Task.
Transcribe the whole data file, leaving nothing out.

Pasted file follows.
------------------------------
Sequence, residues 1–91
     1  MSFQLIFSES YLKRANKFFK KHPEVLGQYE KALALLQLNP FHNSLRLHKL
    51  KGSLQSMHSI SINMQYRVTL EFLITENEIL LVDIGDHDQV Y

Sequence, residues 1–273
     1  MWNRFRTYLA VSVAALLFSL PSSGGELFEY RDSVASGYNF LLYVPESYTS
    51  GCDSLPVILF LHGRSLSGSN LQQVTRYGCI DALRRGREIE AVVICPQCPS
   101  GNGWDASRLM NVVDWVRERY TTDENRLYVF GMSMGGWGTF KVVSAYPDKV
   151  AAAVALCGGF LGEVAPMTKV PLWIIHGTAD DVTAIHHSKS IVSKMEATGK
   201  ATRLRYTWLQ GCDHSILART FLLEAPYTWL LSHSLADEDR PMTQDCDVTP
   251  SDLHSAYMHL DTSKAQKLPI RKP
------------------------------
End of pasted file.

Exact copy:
Sequence, residues 1–91
     1  MSFQLIFSES YLKRANKFFK KHPEVLGQYE KALALLQLNP FHNSLRLHKL
    51  KGSLQSMHSI SINMQYRVTL EFLITENEIL LVDIGDHDQV Y

Sequence, residues 1–273
     1  MWNRFRTYLA VSVAALLFSL PSSGGELFEY RDSVASGYNF LLYVPESYTS
    51  GCDSLPVILF LHGRSLSGSN LQQVTRYGCI DALRRGREIE AVVICPQCPS
   101  GNGWDASRLM NVVDWVRERY TTDENRLYVF GMSMGGWGTF KVVSAYPDKV
   151  AAAVALCGGF LGEVAPMTKV PLWIIHGTAD DVTAIHHSKS IVSKMEATGK
   201  ATRLRYTWLQ GCDHSILART FLLEAPYTWL LSHSLADEDR PMTQDCDVTP
   251  SDLHSAYMHL DTSKAQKLPI RKP